In a romantic view of democracy, legislators act with the interests of the general public in mind. They grapple with policy issues, work toward a broad consensus, and pass legislation that has strong support. They frequently reevaluate existing programs and prune the low-value and harmful ones. They put citizens first and limit their actions to those allowable under the U.S. Constitution.
Unfortunately, that is not how Congress works. It often enacts ill-conceived laws that do not have broad public support. Many programs perform poorly year after year, yet Congress gives them growing budgets. Congress almost never terminates programs because members have a hard time admitting that their policies have failed. Indeed, members try to evade blame for government failures, and they only try to fix problems after high-profile scandals have occurred.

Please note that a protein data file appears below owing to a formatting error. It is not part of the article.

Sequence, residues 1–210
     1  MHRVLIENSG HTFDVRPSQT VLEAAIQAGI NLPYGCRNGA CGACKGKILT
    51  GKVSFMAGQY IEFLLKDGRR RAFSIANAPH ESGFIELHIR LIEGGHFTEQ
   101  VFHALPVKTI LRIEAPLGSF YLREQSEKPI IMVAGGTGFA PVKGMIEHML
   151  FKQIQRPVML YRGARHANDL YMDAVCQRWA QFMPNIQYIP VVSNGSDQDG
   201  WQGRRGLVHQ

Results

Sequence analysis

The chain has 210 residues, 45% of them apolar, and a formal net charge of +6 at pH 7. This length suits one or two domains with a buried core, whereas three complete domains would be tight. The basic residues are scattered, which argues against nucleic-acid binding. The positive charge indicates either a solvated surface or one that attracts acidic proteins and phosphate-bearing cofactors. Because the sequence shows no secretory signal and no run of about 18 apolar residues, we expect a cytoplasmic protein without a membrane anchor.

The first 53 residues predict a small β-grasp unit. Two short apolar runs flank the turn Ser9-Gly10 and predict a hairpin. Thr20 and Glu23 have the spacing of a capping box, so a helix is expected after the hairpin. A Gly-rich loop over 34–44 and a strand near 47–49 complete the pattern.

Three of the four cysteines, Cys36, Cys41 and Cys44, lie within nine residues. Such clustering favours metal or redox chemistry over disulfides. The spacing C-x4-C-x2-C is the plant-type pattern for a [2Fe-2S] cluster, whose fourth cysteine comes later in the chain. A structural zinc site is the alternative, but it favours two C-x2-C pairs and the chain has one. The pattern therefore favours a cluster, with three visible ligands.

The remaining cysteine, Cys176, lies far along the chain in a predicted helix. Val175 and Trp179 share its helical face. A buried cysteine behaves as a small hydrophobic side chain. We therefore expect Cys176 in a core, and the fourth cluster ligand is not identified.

A new essay, “Congressional Incentives and Government Failure,” at DownsizingGovernment.org looks at how Congress operates. It examines the incentives that induce members to support policies counter to the general public interest.